The authors study steady state heat flux equations by means of the 13-moment approximation for situations applicable to aeronomy and space plasmas. They compare their results with Fourier`s law applied to similar problems, to test validity conditions for it. They look at the flux of oxygen and hydrogen ions in the high-latitude ionosphere, and compare calculations with observations from EISCAT radar measurements. These plasma components are observed to have strongly non-Maxwellian distributions.

  1. Approximate Analytic Solutions for the Primary Auroral Electron Flux and Related Quantities.

    DTIC Science & Technology

    1981-03-03

    Preliminary Remarks 18 8.2 Unidirectional- Monoenergetic Incident Flux 19 8.3 Isotropic-Maxwellian Incident Flux 20 8.4 Isotropic- Monoenergetic Incident...PSEUDOPARTICLES To APPROXIMATE THE SUMS 25 51 Contents 11. COMPARISONS 28 11. 1 Preliminary Remarks 28 11. 2 Comparisons for Isotropic - Monoenerget ie...the Analytic, Range, and Rees Models for 10, 5, and 2 KeV Isotrqpic- Monoenergetic Sources Each Containing 1 erg/cm s 30 6. Incident Maxwellian Energy

  2. Approximate yet Confident Solution for a Parametric Oscillator in a Kerr Medium

    NASA Astrophysics Data System (ADS)

    Román-Ancheyta, R.; Berrondo, M.; Récamier, J.

    2016-03-01

    We study the temporal evolution of a coherent state under the action of a parametric oscillator immersed in a nonlinear Kerr-like medium. Applying a self consistent method we obtain an approximate time evolution operator. This operator behaves like a squeezing operator due to the temporal dependence of the oscillator's frequency. We analyze Mandel's parameter, the presence of squeezing in the field quadratures and the generation of photons from the vacuum state.

  3. Modified Kantorovich theorem and asymptotic approximations of solutions to singularly perturbed systems of ordinary differential equations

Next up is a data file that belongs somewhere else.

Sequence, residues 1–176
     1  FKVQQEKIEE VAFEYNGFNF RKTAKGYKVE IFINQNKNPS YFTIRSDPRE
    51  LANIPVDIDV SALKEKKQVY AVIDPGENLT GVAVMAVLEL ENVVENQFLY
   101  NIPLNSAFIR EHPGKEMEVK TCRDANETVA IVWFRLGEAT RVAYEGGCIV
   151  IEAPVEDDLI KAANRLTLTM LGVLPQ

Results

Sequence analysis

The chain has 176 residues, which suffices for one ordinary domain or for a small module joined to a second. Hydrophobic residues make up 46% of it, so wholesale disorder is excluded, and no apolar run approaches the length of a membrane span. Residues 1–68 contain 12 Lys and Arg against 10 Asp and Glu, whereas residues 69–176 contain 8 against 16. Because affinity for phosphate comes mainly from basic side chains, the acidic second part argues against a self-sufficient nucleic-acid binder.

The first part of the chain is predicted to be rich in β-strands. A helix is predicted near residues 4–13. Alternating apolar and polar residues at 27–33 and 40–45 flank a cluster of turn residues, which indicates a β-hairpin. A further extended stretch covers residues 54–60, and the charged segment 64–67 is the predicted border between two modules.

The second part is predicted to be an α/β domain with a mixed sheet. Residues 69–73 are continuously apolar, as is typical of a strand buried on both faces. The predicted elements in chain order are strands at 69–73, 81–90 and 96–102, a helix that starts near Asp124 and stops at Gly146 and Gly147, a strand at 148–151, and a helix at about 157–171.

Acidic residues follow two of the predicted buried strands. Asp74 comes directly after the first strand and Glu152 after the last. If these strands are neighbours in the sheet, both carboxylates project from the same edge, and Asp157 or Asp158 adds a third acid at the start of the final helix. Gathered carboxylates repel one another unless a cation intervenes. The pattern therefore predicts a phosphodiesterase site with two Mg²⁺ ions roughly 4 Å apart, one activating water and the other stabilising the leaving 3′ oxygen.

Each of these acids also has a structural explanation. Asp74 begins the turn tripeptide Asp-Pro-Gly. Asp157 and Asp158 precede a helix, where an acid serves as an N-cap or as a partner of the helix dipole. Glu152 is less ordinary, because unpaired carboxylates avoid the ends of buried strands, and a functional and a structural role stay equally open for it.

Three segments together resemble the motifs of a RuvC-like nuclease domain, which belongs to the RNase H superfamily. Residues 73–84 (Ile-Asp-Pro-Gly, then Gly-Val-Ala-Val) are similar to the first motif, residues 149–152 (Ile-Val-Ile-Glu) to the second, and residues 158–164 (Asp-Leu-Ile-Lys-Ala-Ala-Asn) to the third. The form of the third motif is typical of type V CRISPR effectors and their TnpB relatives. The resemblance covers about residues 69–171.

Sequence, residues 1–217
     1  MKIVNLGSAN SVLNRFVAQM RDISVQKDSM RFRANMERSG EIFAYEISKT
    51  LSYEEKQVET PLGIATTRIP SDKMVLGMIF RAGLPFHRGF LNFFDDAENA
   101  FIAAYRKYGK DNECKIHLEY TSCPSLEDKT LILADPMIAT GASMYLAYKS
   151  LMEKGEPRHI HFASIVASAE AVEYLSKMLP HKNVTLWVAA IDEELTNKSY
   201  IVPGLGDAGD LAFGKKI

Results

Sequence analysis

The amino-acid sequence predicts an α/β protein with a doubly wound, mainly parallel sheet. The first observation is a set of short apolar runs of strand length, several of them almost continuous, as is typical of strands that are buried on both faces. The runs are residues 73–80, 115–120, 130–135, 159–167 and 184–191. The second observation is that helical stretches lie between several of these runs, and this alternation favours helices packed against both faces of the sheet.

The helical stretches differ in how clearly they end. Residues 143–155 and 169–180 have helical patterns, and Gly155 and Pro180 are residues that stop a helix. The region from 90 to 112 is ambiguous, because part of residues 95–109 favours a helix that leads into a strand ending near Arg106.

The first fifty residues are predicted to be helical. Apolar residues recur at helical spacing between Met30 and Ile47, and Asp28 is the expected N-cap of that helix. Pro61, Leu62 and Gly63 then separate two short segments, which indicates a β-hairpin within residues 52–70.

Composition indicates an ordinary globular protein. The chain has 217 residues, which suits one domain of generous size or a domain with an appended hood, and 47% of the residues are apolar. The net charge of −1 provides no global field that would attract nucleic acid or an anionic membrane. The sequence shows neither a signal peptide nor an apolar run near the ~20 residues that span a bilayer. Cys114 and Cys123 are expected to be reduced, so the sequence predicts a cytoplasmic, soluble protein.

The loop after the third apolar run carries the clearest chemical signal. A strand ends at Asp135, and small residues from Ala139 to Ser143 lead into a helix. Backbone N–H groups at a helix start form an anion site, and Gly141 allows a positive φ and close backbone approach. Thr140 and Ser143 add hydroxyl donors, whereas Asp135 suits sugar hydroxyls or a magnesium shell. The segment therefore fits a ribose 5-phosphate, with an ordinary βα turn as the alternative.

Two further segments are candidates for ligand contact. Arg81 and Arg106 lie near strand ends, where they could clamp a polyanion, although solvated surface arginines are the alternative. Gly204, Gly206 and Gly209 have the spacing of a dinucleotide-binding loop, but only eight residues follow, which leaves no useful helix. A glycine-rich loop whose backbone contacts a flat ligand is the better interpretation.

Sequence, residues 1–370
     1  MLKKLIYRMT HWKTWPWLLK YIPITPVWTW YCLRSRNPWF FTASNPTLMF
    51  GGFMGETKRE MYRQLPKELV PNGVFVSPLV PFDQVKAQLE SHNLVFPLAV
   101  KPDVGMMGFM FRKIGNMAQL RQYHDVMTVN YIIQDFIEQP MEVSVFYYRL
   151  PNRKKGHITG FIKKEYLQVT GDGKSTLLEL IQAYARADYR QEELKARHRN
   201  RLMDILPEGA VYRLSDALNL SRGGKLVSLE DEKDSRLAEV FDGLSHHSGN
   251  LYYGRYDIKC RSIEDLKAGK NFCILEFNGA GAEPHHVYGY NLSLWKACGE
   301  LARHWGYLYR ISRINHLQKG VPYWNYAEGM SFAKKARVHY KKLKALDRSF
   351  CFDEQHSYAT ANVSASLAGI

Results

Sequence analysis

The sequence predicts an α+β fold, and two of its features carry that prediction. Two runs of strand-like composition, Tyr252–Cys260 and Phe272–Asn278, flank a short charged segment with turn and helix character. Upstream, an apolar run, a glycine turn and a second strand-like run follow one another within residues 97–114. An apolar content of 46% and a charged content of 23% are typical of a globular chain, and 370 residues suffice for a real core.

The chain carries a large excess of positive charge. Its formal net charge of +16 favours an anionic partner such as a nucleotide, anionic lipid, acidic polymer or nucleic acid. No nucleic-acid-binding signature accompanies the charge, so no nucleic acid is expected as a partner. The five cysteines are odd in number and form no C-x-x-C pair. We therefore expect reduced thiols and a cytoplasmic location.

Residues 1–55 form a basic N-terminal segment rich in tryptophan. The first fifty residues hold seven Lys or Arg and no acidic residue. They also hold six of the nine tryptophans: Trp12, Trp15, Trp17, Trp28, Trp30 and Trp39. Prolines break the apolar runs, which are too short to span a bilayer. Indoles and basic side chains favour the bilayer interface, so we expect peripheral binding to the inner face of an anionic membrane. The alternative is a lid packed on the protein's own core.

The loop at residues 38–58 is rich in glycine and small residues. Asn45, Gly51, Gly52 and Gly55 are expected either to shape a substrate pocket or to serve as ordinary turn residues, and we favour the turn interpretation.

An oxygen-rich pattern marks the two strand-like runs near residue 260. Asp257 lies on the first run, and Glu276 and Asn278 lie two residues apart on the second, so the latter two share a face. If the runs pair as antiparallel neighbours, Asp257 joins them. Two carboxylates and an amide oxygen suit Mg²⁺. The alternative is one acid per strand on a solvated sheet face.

NASA Astrophysics Data System (ADS)

    Belolipetskii, A. A.; Ter-Krikorov, A. M.

    2016-11-01

    The functional equation f( x,ɛ) = 0 containing a small parameter ɛ and admitting regular and singular degeneracy as ɛ → 0 is considered. By the methods of small parameter, a function x n 0(ɛ) satisfying this equation within a residual error of O(ɛ n+1) is found. A modified Newton's sequence starting from the element x n 0(ɛ) is constructed. The existence of the limit of Newton's sequence is based on the NK theorem proven in this work (a new variant of the proof of the Kantorovich theorem substantiating the convergence of Newton's iterative sequence). The deviation of the limit of Newton's sequence from the initial approximation x n 0(ɛ) has the order of O(ɛ n+1), which proves the asymptotic character of the approximation x n 0(ɛ). The method proposed is implemented in constructing an asymptotic approximation of a system of ordinary differential equations on a finite or infinite time interval with a small parameter multiplying the derivatives, but it can be applied to a wider class of functional equations with a small parameters.

  4. Approximate analytical solution to diurnal atmospheric boundary-layer growth under well-watered conditions

    Technology Transfer Automated Retrieval System (TEKTRAN)